Laylah’s Patties & Jerk
By Megan McGlamery (guest host for the East County Eater)
August 23, 2011 (San Diego) -- Located in the southern region of the Caribbean lies the striking island of Jamaica. Known for everything from its sunny beaches to singer Bob Marley and a relaxed “no-problem” way of life, it’s no wonder so many people have come to love this island lifestyle.
For many of us, Jamaica may be a bit too far to visit on a regular basis. Luckily, we have an alternative. Situated on El Cajon Boulevard in the heart of Rolando near San Diego State University is a little slice of Jamaica. Laylah’s Patties & Jerk offers a wide range of authentic Jamaican cuisine, which certainly left me feeling satisfied and eager to return.
Opened in 2008 and named after the owner’s daughter, Laylah’s Patties & Jerk is sure to offer something for everyone. Entrees range from popular Jamaican dishes (i.e., jerk pork, small $10, large $12) to out-of-the-ordinary (i.e., curry goat, small $10, large $12).
According to Collin Jones, an employee and chef at Laylah’s, “The key to a good meal is to find the taste people want.” After tinkering with their recipes a few times based upon customer feedback, Laylah’s has created several superb selections, all worth sampling.
Along with Miriam Raftery, editor of East County Magazine, I visited the small but cheery restaurant, eager to sample something different from my usual lunchtime sandwich. Upon arriving at the vibrantly decorated restaurant, we were greeted by friendly staff at the restaurant’s front counter who took our order quickly. We then sat at one of the venue’s tables as our meal was dished out onto two plates and served.
As the portions are very generous at Laylah’s (all dinner meals include a mix of red rice and beans, shredded cabbage and carrots as well as fried plantains), we decided to share a small serving of the jerk chicken ($10) with two extra orders of fried plantains ($2.50 each). The flavorful chicken was spicy, succulent and so tender it fell off the bones almost effortlessly. The fried plantains were soft, sweet and tangy- everything you could possibly desire from the banana-like fruit. The gigantic serving of red rice and beans served as a complimentary side dish to the jerk chicken as did the smaller portion of shredded vegetables. The portions were generous and we had extras to take home.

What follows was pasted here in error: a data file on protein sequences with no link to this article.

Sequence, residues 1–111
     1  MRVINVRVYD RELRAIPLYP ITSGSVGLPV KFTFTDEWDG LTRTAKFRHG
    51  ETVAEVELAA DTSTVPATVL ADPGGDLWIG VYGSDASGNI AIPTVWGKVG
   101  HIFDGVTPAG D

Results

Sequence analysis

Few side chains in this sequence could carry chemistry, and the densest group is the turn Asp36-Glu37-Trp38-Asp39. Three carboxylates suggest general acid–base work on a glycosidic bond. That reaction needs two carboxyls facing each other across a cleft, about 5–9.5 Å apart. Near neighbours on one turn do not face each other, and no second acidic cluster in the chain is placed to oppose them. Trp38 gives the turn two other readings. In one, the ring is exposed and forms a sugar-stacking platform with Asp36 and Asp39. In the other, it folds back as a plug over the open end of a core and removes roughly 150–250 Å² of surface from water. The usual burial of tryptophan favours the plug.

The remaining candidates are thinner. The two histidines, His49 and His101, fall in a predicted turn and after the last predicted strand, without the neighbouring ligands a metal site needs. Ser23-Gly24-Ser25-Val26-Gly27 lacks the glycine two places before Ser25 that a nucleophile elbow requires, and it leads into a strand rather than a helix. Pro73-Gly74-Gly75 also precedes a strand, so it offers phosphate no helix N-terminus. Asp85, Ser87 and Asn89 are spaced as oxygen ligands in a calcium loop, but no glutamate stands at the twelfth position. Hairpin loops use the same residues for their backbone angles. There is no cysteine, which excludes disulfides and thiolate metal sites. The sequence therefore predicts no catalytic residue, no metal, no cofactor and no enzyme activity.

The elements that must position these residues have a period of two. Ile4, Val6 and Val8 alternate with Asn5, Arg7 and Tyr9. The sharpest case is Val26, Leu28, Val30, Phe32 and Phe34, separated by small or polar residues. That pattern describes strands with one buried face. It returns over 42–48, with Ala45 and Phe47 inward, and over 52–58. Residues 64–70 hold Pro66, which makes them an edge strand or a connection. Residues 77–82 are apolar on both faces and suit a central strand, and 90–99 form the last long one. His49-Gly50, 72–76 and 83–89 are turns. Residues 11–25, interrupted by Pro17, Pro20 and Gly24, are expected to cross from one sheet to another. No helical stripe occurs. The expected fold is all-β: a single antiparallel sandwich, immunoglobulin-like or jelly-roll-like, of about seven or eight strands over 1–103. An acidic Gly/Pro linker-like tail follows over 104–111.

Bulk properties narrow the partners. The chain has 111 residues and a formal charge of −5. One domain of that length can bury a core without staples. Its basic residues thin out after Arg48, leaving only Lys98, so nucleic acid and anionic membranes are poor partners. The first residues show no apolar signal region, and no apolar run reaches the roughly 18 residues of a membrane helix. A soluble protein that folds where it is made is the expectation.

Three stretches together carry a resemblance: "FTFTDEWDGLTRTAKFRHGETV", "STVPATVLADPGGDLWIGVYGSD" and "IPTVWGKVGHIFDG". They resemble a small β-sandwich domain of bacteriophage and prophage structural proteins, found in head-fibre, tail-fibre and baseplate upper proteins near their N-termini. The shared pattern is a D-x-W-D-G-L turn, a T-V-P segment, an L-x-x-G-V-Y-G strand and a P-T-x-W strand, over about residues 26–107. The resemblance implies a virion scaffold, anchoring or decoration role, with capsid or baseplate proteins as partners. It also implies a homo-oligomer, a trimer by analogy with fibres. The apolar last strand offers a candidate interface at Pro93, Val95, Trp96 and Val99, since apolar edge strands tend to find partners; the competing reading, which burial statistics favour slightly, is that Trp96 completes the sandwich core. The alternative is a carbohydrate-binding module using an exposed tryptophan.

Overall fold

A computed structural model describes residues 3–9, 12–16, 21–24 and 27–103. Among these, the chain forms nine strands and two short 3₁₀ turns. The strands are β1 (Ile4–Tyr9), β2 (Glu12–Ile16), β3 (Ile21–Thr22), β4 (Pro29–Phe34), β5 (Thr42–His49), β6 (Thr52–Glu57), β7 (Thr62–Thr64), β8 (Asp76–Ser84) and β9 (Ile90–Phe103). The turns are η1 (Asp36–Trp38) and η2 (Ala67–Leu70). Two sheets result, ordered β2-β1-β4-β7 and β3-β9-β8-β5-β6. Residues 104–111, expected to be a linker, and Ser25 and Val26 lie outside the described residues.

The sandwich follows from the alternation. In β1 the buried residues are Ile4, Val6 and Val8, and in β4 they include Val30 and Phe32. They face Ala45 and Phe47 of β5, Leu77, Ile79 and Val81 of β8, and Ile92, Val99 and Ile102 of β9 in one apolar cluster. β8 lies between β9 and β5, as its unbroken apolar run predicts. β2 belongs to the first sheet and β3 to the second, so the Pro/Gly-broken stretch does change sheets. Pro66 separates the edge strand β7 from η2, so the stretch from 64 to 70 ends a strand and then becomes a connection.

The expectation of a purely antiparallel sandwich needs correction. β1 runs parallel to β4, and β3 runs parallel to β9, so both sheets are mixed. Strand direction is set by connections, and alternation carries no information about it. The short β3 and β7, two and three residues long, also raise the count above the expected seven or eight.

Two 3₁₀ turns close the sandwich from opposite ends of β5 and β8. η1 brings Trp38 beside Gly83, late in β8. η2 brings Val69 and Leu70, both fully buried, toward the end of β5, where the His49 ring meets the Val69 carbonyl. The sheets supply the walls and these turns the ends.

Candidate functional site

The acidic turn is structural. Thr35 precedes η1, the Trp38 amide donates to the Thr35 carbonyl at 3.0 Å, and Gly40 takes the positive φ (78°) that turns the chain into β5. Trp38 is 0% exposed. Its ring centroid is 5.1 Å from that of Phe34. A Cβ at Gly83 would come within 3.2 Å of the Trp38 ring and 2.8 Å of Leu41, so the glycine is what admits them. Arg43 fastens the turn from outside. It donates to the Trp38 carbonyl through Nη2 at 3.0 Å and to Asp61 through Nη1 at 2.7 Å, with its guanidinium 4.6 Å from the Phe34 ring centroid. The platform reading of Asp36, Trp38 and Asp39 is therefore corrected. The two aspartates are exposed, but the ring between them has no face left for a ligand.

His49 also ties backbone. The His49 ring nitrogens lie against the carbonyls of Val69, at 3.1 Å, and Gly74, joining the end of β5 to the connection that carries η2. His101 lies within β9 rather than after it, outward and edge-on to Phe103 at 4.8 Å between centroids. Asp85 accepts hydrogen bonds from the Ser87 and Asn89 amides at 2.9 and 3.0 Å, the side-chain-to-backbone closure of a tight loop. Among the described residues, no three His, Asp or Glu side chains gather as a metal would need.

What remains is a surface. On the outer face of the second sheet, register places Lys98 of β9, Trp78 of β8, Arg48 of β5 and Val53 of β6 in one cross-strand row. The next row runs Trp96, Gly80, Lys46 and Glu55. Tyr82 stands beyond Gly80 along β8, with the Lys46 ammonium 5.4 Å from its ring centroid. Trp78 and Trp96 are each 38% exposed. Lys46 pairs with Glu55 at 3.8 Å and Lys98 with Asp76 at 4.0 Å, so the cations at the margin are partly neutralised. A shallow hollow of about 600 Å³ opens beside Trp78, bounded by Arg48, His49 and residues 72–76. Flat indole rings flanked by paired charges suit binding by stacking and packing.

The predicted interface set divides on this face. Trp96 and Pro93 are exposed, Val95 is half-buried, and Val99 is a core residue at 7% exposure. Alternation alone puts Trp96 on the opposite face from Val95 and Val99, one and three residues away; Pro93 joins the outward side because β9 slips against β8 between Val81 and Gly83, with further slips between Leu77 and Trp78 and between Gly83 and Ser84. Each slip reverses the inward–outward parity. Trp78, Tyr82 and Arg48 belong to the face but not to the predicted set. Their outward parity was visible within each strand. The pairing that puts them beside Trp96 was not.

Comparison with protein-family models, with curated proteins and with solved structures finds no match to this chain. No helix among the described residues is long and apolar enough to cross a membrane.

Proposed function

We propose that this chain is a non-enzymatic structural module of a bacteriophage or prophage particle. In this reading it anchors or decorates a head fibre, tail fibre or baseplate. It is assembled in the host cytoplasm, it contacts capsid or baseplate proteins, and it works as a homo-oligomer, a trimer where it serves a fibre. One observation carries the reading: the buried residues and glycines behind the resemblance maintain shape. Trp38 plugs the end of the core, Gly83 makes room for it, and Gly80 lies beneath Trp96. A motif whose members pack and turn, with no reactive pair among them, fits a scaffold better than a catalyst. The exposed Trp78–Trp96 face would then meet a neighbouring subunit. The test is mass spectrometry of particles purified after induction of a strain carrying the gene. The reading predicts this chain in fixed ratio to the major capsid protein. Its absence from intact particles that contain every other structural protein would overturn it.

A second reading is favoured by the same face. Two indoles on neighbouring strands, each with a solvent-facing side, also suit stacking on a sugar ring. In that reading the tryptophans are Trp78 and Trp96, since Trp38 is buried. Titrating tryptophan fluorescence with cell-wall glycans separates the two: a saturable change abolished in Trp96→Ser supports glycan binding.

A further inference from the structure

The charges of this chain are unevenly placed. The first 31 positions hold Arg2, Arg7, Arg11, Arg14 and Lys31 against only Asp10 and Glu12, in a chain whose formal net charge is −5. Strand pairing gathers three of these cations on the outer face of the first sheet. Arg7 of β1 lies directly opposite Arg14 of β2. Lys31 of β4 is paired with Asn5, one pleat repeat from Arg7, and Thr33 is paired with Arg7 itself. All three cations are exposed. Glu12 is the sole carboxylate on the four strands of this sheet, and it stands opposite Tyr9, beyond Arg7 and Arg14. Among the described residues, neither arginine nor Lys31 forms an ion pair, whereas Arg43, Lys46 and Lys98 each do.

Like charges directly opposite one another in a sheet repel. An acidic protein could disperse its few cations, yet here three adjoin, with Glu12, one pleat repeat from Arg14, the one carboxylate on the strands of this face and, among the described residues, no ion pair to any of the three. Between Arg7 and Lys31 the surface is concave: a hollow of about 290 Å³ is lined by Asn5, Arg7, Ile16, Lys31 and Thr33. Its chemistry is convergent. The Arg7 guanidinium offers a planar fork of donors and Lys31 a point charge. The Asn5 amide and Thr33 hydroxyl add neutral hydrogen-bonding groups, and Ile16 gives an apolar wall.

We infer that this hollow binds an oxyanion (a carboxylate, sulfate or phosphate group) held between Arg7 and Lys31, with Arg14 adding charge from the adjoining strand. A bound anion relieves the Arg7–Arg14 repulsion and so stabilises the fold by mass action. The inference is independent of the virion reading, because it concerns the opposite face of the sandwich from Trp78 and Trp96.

Collin informed us that the restaurant’s most popular item is the breakfast dish Ackee, Jamaica’s national salt-water fish. Served with sides of green banana and yam dumplings, I can’t wait to try this tantalizing treat on my next visit.
Another appealing aspect of dining at Laylah’s is the restaurant’s free frequent customer’s card. After each meal, patrons are encouraged to ask for a stamp on their card. After collecting ten stamps, they are rewarded with a free Jamaican dinner worth up to $10.
The décor and atmosphere of Laylah’s is very reminiscent of its cuisine. Bright Rasta shades of green, yellow, orange, red and black cover every wall but one, where a likeness of singer Bob Marley is painted looking pensive, as if contemplating his order. Near our table, Jamaica’s national flag adorned the wall and authentic Reggae music played semi-loudly throughout the restaurant. All these elements combined to create a fun and upbeat ambiance for us as well as other guests.
While we thoroughly enjoyed our meal, the seating is limited. Another large group took up three of the tables, so you may wish to visit Laylah’s at off-peak hours for maximum seating availability. Another oddity is that no knives are offered, though fortunately most foods are tender enough so that the cutlery was not needed.
Laylah’s Patties & Jerk is the perfect place for people looking for a relaxed, yet fun atmosphere. Prices are very reasonable (especially considering their sizeable portions) and the employees go out of their way to make sure your meal is perfect.
So if you can’t go to Jamaica, take a trip to Laylah’s. You’ll save a ton on airfare and still have the opportunity to immerse yourself in a little piece of the island—even if it is only for lunch or dinner.